East Bergholt High School, Kesgrave High School, Thurston Community College, Northgate High School and County Upper School, in Bury St Edmunds, also featured among the top state schools in Suffolk.

The tables also grade schools on their performance at Key Stage Three – children aged between 11 and 14.

East Bergholt High School and Claydon High School joined Thomas Mills High School among the top 25% of schools in the country for Key Stage Three performance.

Holywells High School, in Ipswich, was named among the bottom 200 English schools at GCSE – and also had the highest truancy rate in Suffolk. The school, in Lindbergh Road, is on special measures.

Headteacher Karen Grimes said staff were "disappointed" with last year's GCSE performances – but she praised some "outstanding" individual performances and added progress was being made at Key Stages Three and Four.

"I fully agree with those headteachers who feel league tables should come with a Government health warning," she said.

"There is so much more to consider when judging whether or not a school is effective. We are delighted with the performance of our pupils across a range of recent activities – but these vital experiences are never documented or recorded in a table.

"We will continue to work hard to improve provision for all the young people in our care. Holywells is definitely emerging from special measures and the outlook is bright."

Neil Watts, headteacher of Northgate High School in Ipswich, said: "I always say league tables should come with a Government health warning. A school is far more than just its exam results.

"We have just celebrated some of our girls representing the county at netball. Other pupils have just come back from very successful work experience placements. But these things are never reflected in tables."

Moira Humphreys, headteacher of East Bergholt High School, was delighted with the results as they showed that the school has been improving steadily for the last four years.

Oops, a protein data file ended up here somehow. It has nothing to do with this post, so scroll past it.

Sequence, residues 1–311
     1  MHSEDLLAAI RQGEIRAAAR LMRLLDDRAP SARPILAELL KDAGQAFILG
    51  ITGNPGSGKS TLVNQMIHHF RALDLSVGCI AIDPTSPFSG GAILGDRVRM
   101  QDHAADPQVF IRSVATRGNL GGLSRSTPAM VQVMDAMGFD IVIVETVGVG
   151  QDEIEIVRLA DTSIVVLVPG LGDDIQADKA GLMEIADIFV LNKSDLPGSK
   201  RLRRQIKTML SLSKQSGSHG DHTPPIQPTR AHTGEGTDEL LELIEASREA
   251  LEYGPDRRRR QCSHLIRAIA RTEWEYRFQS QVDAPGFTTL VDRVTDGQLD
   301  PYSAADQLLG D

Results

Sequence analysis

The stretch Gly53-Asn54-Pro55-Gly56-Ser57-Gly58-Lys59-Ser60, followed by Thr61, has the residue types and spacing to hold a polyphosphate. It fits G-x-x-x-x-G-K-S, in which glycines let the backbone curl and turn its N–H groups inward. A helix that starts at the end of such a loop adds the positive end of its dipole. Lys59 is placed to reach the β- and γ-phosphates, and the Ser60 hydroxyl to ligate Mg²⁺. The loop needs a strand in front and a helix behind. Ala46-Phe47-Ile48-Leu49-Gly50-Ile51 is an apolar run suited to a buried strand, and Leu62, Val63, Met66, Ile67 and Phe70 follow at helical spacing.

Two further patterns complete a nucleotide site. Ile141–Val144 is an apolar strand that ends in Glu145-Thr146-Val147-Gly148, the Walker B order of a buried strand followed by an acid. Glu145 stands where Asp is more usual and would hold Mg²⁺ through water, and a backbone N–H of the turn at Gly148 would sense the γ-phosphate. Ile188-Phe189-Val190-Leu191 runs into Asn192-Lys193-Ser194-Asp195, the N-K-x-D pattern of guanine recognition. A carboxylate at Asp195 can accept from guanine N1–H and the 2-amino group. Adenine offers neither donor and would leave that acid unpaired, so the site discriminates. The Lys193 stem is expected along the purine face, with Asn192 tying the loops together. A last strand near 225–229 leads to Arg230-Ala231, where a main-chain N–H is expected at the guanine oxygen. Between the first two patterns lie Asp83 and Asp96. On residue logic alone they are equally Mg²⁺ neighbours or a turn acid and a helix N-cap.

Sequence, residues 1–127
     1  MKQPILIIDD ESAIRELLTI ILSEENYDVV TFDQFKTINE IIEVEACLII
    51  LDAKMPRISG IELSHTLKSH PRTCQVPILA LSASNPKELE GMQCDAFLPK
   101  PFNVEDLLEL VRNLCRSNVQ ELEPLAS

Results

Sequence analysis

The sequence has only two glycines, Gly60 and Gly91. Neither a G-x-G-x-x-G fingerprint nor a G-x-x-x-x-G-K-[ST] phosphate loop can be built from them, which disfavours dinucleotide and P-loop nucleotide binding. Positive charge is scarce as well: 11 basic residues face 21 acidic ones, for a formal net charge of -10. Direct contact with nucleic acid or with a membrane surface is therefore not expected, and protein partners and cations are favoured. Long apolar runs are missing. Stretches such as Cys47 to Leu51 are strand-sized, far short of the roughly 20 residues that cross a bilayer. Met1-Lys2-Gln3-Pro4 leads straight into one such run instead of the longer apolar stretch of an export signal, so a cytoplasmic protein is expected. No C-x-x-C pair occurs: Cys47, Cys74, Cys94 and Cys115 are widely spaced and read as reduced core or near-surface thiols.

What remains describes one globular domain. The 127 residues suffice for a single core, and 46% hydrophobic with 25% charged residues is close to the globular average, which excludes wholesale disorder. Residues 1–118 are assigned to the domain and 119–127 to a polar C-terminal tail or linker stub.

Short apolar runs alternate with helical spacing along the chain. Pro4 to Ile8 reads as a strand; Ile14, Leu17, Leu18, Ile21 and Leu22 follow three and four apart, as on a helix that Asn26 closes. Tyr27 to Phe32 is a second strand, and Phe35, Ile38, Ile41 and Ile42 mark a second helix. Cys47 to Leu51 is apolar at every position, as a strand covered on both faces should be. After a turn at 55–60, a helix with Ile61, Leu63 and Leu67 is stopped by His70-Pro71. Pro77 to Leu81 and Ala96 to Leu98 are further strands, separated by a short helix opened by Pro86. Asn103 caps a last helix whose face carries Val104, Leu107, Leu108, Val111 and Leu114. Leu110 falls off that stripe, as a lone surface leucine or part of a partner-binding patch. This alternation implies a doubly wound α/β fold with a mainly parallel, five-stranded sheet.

She said: "These results point to our continued commitment to learning, teaching and doing the best we can for all pupils in the school.

"They are also down to the effort and determination of our students and the exemplary enthusiasm of their teachers."

Despite being pleased with her school's position in the league table, Mrs Humphreys said that they did not take into account other important things that schools offer their pupils.

Meanwhile, Thurston Community College, just outside Bury St Edmunds, became the best-performing school in the west of the county by claiming 15th place in the overall tables.

"I am delighted with our results, as they are the best the college has ever had," said Chris Bowler, headteacher. "They reflect the very hard work on the part of the students, parents and staff.

"I want us to do even better next year."

However, Martin Goold, Suffolk secretary for the National Union of Teachers (NUT), last night called for the league tables to be scrapped.

"I don't think they tell you a great deal about the quality of work at any particular school. There is no point to them and I don't believe they should be published.

"The NUT would like to see these tables and the SATS (Standard Assessment Tests) abolished as they are distorting the means of teaching.

"If you make league tables dependent on a particular test, the obvious thing for schools to do is concentrate on that test. If they are doing that, it is not providing a wide educational base for citizens of the 21st Century."